Tag Archives: focus

We hear it in yoga all the time, to set an intention for your practice. And if you haven’t done yoga before, consider yourself warned! However, setting an intention for your practice, can apply to your day, too. Some folks try doing these each morning when they wake up, but for this week you could try just setting an intention for your day. Something that can help set it is writing it down. Maybe you want to focus on your breath today, or maybe you want to simply focus on being today. By writing it down (or saying it to yourself), you’re giving yourself a bit of a guiding light to focus your energy and efforts for the day. It’s a nice way to keep perspective.

Enjoy setting an intention!

After all that burnout talk, we’re switching gears a bit to talk about happiness. Happiness can feel like an incredibly elusive goal and the journey to “get” more happiness in our lives can seem pretty absurd. It’s not even quite clear how you can “get” happiness. With science to the rescue though, there are some science-supported tips on how you can be happier. So read on, get happy, share happy!

  1. Practice (Body) Self-Care: Eat well, exercise, and get some sleep. By taking care of your body, you’re automatically setting yourself up for an rush of happy endorphins.
  2. Practice (Mind) Self-Care: Meditate, meditate and maybe practice some more meditation. All the science out there on wellbeing and happiness gives a quick nod to meditation.
  3. Be Grateful: Focusing on what makes you grateful each day, and telling people just how much they mean to you can give you a bright boost of good vibes. Try writing down at the end of the day what makes your grateful, or even what brought you joy today. Writing down and reminding yourself of joyful, grateful and positive things can massage your brain in a nice way.
  4. Spend Quality Time with Others: Making an effort to see friends, family and cultural events can make you happier. Get on out there and see a movie, play or have a cup of coffee with a friend. If you really want to supercharge it, the next time you want to buy yourself something, instead, try buying a gift for someone else or spending that money on an experience you can share with someone.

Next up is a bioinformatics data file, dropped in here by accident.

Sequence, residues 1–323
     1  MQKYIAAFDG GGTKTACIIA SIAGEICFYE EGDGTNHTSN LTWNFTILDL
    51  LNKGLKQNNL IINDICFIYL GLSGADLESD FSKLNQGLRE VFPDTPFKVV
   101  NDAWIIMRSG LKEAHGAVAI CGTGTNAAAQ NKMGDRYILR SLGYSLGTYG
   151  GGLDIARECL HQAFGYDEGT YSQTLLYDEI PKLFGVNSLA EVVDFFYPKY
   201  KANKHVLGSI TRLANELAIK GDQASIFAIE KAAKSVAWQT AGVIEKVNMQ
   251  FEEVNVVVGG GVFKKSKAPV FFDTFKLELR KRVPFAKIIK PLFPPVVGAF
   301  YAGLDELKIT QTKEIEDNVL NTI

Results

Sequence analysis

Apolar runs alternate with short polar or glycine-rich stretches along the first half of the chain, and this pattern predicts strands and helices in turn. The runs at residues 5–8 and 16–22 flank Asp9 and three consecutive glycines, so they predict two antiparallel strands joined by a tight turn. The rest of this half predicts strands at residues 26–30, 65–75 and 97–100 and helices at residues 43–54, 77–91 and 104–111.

5. Volunteer: Giving yourself up to a cause and focusing on helping others can make you feel happier. If you’re looking for ideas to get started on volunteering, check out:,, and
  6. Focus on Hope: By setting specific goals, thinking about the future and planning for it you can increase your happiness. Giving more energy to hopeful activities in the future can deliver an optimistic view. Maybe set some straightforward goals (how about working out regularly from step 1?!) or start planning a trip. Putting energy in the good things to come can reduce stress and get you pumped about what’s next.
  7. Get Outside: Boy oh boy the good that nature can do. Going for a quick walk, hike, camping, eating lunch outside, exploring a new neighborhood, anything outside will have a positive effect. Even a daily stroll around the block or deciding to take that cup of coffee to go sit on a park bench can do wonders.

And don’t forget: we all get happier as we age, so there’s simply more good stuff to come!

What works for you to get a fun happy boost?


Vacationing for Brain Space (2)

Hi All! I was busy celebrating my friend’s wedding but I have one post for you this week about vacationing. Then I’m going to GO on vacation! I’ll be back in a couple of weeks, but hopefully ya’ll will enjoy reading past posts while I’m out.

In an article from Forbes about employees taking vacation, they found, “Only 25% said they use all their paid days each year and 61% said that while they’re on vacation, they continue to work. A quarter of respondents said that a colleague got in touch about work while they were on vacation and 20% heard from their boss.”

Ouch. So what  are some reasons why they aren’t taking vacation? 33% are concerned about coverage, 28% are too scared to fall behind and 17% are worried they will lose their jobs. Holy smokes, with those kinds of numbers I’d be nervous to go, too!

But! Party people have no fear because so far what I’ve found is that vacation is uber important. Especially when we see statistics like 80% of employees feel stress at work or 70% of healthcare visits are stress-related.

Here are some things an unplugged (i’m talking auto-responder on and no sneaky emailing) vacation can do for you:

  • Boosts creativity
  • Lowers burnout
  • Increases quality of work
  • Improves productivity
  • Helps renew and regenerate
  • Reduces stress and anxiety, now, and for the future

Nervous about a full vacation? Here are some compromises! Maybe try just one of them, not all of them. A two-day staycation where you check email isn’t vacation. It’s a weekend that you worked through.

  • Staycations still count if you’re trying to save money – maybe you can reorganize that closet you’ve been eyeing, or go eat brunch on a random Wednesday morning